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LLANTWIT MAJOR (Welsh Llan-Illtyd-Fawr)

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Originally appearing in Volume V16, Page 831 of the 1911 Encyclopedia Britannica.
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LLANTWIT MAJOR (Welsh Llan-Illtyd-Fawr), a small market town in the southern parliamentary division of Glamorganshire, South Wales, about 1 m. from the Bristol Channel, with a station on the Barry railway, 5 M. S. of Cowbridge. Pop. (19o1) 1113. About 1 m. N.N.W. of the town there were discovered in 1888 the remains of a large Roman villa within a square enclosure of about 8 acres, which has been identified as part of the site of a Roman settlement mentioned in Welsh writings as Caer Wrgan. The building seemed to have been the scene of a massacre, possibly the work of Irish pirates in the 5th century, as some forty-three human skeletons and the remains of three horses were found within its enclosure. Etymological reasoning have led some to suggest that the Roman station of Bovium was at Boverton, r m. E. of the town, but it is more likely to have been at Ewenny (2 M. S.E. of Bridgend) or perhaps at Cowbridge. On the sea coast are two camps, one known as Castle Ditches, commanding the entrance to the creek of Colhugh, once the port of Llantwit. In the time of Henry I. a small colony of Flemings settled in the district. The town and church derive their name from St Illtyd or Iltutus, styled the " knight," a native of Brittany and a great-nephew of Germanus of Auxerre. Having come under the influence of St Cadoc, abbot of Llancarvan, 6 m. E.N.E. of Llantwit, Illtyd established at the latter place, about A.D. 520, a monastic college which became famous as a seat of learning. He attracted a number of scholars to him, especially from Brittany, including Samson, archbishop of Doi, Maglorius (Samson's successor) and Paul de Leon, while his Welsh students included David, the patron saint of Wales, Gildas the historian, Paulinus and Teilo. The college continued to flourish for several centuries, sending forth a large number of missionaries until, early in the rzth century, its revenues were appropriated to the abbey of Tewkesbury by Fitzhamon, the first Norman lord of Glamorgan. A school seems, however, to have lingered on in ,the place until it lost all its emoluments in the reign of Henry VIII. The present church of St Illtyd is the result of a sequence of churches which have sprung from a pre-Norman edifice, almost entirely rebuilt and greatly extended in the 13th century and again partially rebuilt late in the 14th century. It consists of an " eastern " church which (according to Professor Freeman) belonged probably to the monks, and is the only part now used for worship, a western one used as a parochial church before the dissolution, but now disused, and still farther west of this a chantry with sacristan's house, now in ruins. The western church consists of the nave of a once cruciform building, while in continuation of it was built the eastern church, consisting of chancel, nave (of great height and width but very short), aisles and an embattled western tower built over the junction of the two naves. A partial restoration was made in 1888, and a careful and more complete one in 1900-19o5. In the church and churchyard are preserved some early monumental remains of the British church, dating from the 9th century, and some possibly from an earlier date. They include two cross-shafts and one cross with inscriptions in debased Latin (one being to the memory of St Illtyd) and two cylindrical pillars, most of them being decorated with interlaced work. There are some good specimens of domestic architecture of the 17th century. The town is situated in a fertile district and the inhabitants depend almost entirely on agriculture. Its weekly market is mainly resorted to for its stock sales. St Donats castle, 2 M. to the west, was for nearly seven centuries the home of the Stradling family. As to the Roman remains, see the Athenaeum for October 20 (1888), and the Antiquary for August (1892). As to the church, see the Archaeologia Cambrensis, 3rd ser. iv. 31 (an article by Professor Freeman), 5th ser., v. 409 and xvii. 129, and 6th ser., iii. 56; A. C. Fryer, Llantwit-Major: a Fifth Century University (1893). (D. LL. T.)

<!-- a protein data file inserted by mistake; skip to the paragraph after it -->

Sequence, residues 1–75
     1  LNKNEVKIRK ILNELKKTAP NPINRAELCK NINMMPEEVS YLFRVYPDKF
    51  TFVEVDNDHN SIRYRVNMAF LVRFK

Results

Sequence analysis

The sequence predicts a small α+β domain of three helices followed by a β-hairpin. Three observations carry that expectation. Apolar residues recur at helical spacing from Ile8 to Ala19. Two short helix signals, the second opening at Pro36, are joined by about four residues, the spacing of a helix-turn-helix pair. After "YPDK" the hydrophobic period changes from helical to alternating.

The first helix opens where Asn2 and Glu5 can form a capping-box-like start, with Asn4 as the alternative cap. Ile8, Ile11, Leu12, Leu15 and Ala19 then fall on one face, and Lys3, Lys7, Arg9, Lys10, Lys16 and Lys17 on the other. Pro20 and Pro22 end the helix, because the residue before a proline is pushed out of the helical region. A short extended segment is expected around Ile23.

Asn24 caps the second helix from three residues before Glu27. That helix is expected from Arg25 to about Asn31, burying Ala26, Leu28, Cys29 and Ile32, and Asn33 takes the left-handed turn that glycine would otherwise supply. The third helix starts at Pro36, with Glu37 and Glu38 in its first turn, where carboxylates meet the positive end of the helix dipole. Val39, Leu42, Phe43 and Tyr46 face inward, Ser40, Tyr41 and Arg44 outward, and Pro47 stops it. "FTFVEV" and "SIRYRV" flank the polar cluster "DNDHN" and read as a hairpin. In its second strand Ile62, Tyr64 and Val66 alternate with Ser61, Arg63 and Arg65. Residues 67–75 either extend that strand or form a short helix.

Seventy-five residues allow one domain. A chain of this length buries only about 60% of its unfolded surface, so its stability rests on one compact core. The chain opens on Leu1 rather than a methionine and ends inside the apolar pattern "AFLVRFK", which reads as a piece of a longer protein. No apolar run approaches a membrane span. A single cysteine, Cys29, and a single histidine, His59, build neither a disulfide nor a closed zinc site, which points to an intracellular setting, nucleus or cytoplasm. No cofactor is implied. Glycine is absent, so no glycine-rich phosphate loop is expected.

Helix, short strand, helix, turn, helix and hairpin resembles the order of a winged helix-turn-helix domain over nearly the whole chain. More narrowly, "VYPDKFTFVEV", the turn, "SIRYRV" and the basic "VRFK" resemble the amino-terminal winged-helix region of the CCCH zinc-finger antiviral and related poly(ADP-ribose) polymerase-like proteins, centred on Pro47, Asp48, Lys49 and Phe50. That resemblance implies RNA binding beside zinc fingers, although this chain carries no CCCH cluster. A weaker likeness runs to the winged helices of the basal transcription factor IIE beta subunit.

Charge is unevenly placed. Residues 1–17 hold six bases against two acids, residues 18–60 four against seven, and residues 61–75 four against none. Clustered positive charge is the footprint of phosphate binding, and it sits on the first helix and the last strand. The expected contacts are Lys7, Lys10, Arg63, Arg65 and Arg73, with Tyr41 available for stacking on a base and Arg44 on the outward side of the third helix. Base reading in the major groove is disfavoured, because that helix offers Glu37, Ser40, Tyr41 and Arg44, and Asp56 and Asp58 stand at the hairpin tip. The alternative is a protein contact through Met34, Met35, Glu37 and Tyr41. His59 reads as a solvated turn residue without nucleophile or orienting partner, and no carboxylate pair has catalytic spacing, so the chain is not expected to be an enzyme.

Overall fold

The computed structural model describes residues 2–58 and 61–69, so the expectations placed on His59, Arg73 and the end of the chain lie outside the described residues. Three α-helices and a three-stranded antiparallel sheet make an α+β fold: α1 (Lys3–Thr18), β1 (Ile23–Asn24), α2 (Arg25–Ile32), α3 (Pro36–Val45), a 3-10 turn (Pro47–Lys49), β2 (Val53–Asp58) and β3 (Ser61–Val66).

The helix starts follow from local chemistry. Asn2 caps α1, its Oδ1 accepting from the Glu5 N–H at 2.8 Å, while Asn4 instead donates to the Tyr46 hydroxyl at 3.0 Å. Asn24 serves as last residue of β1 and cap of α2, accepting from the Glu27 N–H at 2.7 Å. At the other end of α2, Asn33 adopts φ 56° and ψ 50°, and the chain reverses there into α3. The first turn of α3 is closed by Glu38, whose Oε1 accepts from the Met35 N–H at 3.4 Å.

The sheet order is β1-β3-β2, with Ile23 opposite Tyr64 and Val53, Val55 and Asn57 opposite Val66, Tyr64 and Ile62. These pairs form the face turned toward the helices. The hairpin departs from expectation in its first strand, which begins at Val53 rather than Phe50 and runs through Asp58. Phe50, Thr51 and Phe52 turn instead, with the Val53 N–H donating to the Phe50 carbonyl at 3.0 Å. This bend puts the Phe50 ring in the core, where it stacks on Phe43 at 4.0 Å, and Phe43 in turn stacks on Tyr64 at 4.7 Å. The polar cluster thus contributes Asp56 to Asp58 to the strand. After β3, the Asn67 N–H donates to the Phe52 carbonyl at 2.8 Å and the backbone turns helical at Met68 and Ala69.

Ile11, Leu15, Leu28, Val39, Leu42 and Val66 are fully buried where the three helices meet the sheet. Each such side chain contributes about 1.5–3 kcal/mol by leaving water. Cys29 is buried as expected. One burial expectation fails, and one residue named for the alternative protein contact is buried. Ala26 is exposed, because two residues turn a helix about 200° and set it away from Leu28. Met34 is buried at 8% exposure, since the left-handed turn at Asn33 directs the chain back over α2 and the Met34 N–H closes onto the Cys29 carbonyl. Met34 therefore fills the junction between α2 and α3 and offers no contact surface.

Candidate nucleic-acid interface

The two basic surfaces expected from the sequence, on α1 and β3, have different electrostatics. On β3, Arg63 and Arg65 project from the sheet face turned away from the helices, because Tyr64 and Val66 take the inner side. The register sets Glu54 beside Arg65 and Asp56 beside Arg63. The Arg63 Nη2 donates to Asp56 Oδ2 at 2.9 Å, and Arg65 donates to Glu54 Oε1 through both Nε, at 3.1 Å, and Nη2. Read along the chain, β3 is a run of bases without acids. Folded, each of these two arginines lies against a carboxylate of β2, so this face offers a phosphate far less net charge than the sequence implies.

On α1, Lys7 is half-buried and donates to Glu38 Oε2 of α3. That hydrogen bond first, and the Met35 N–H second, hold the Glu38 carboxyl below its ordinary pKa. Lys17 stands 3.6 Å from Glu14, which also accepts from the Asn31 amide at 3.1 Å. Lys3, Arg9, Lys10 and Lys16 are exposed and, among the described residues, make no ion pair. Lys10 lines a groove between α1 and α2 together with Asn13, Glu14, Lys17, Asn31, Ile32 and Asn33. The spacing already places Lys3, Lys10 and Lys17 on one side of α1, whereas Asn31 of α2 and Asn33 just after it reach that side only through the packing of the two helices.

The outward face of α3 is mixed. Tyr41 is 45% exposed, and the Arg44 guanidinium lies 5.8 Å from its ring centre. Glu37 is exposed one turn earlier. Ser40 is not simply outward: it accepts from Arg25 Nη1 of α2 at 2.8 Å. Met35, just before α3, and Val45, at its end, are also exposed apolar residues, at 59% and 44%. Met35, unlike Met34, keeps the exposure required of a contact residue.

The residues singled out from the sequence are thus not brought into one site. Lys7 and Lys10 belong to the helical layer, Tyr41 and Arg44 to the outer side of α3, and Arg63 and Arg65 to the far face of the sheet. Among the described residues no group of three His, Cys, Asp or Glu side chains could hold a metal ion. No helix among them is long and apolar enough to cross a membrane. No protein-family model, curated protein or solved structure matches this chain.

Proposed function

End of Article: LLANTWIT MAJOR (Welsh Llan-Illtyd-Fawr)

Additional information and Comments

In the case of the massacre at the Romano Welsh settlement at Llantwit Major. It is possible this was carried out on the orders of Germanus during his visits to Britain to put down the Palagian Heresy. At the time of these visits there was a college at Llantwit (Cor Tewdws "College of Theodosius")this was also destroyed in the same time period. Illtud through his conections with Germanus would possibly leart of the college from him. Learning that a centre of Christian learning had been destroyed Illtud could have set out, or even sent by Germanus to put right a great wrong. S. C. Hignell.
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